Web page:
A nationwide study has found that more Americans than ever before now report suffering from serious mental health problems - but the country's healthcare system is struggling to meet the demand.
The survey spanned eight years and involved more than 200,000 people living in the US aged between 18 and 64. It concluded that 3.4 percent of the population now suffer from what researchers call 'severe psychological distress' (SPD) - mental health issues so serious that they affect someone's physical wellbeing.
Extrapolated, that suggests more than 8.3 million adult Americans suffer from mental health issues, far higher than researchers had previously assumed.
And yet the study also found that access to mental health care services actually deteriorated between 2006 and 2014 for people suffering from SPD, when compared to those who didn't report mental distress. In other words, the gap is getting bigger.
"Although our analysis does not give concrete reasons why mental health services are diminishing, it could be from shortages in professional help, increased costs of care not covered by insurance, the great recession, and other reasons worthy of further investigation," said lead researcher Judith Weissman from NYU Langone Medical Center.
To get this insight, the researchers looked at data from the 2006 to 2014 US CDC's (Centres of Disease Control and Prevention) annual National Health Interview Survey, which has been conducted for more than 60 years in about 35,000 US households around the country.
Participants are asked how often over the past month they felt certain feelings, such as being so sad that nothing could cheer them up, or that everything they did was worthless.
Together, the frequency of these symptoms allows researchers to get an idea about whether someone is suffering from SPD or not.
While SPD itself isn't a formal diagnosis, previous research has linked a high SPD score with mental health issues such as depression and anxiety, as well as chronic disease, lower socio-economic status, and a reduced lifespan.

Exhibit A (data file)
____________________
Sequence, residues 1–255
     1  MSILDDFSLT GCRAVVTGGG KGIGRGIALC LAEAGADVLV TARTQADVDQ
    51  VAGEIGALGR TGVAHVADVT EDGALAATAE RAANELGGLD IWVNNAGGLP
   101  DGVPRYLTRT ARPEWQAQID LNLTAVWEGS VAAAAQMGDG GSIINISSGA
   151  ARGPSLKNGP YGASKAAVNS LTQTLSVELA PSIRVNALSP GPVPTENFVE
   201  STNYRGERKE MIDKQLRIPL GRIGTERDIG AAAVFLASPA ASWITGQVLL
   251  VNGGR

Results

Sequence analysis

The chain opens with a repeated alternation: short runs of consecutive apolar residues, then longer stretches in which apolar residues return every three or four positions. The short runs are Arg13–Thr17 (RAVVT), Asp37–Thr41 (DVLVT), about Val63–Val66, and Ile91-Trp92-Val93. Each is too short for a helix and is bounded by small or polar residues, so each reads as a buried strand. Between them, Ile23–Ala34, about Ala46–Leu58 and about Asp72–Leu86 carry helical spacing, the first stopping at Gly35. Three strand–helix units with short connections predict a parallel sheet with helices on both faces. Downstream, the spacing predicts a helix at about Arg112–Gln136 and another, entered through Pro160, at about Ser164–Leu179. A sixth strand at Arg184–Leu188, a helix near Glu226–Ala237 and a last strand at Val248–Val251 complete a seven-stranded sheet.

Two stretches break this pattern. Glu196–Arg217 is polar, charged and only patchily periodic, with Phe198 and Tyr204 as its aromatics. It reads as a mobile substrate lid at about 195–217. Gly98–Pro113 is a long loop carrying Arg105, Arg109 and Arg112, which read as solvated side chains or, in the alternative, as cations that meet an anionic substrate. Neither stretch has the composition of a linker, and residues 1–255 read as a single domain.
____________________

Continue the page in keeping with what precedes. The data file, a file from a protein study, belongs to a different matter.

"Based on our data, we estimate that millions of Americans have a level of emotional functioning that leads to lower quality of life and life expectancy," said Weissman.
"Our study may also help explain why the US suicide rate is up to 43,000 people each year."
For perspective, that's the highest it's been in the US in 30 years.
In total, around 3.4 percent of the population showed signs of suffering from SPD - previous estimates had put that number at less than 3 percent.
But despite the increase in people needing support, people with SPD specifically are also finding it harder to get support than before.
Interestingly, the report suggests that the mental health care situation has gotten worse despite the introduction of the 2008 Mental Health Parity and Addiction Equity Act and the 2010 Affordable Care Act (ACA). Both included provisions that were meant to make it easier for people without insurance to access mental health support.
The team found that, in 2014, 9.5 percent of Americans who reported SPD still didn't have health insurance that would give them access to a psychiatrist or counsellor - a slight increase from 9 percent in 2006.
About 10.5 percent of people who reported SPD in 2014 experienced delays in getting professional help due to insufficient mental health coverage, while only 9.5 percent of people said they experienced such delays in 2006.
And, in 2014, 9.9 percent of people with SPD couldn't afford to pay for their psychiatric medications, up from 8.7 percent in 2006.
There are some limitations to this research - primarily the fact that the classification of SPD was based on self-reported symptoms, rather than being objectively determined by a healthcare professional.
The team was also specifically looking at the access people with SPD had had to health care, but didn't investigate whether there were other patterns in demographics that would make it harder for them to get help.
While the results of this latest study paint a pretty grim picture about US health care, the team is now looking at ways the system could be improved, and suggest that getting primary care physicians more involved in mental health support could help.
"Our study supports health policies designed to incorporate mental health services and screenings into every physician's practice through the use of electronic medical records, and by providing training for all health care professionals, as well as the right resources for patients," said one of the researchers, Cheryl Pegus.
The research has been published in Psychiatric Services.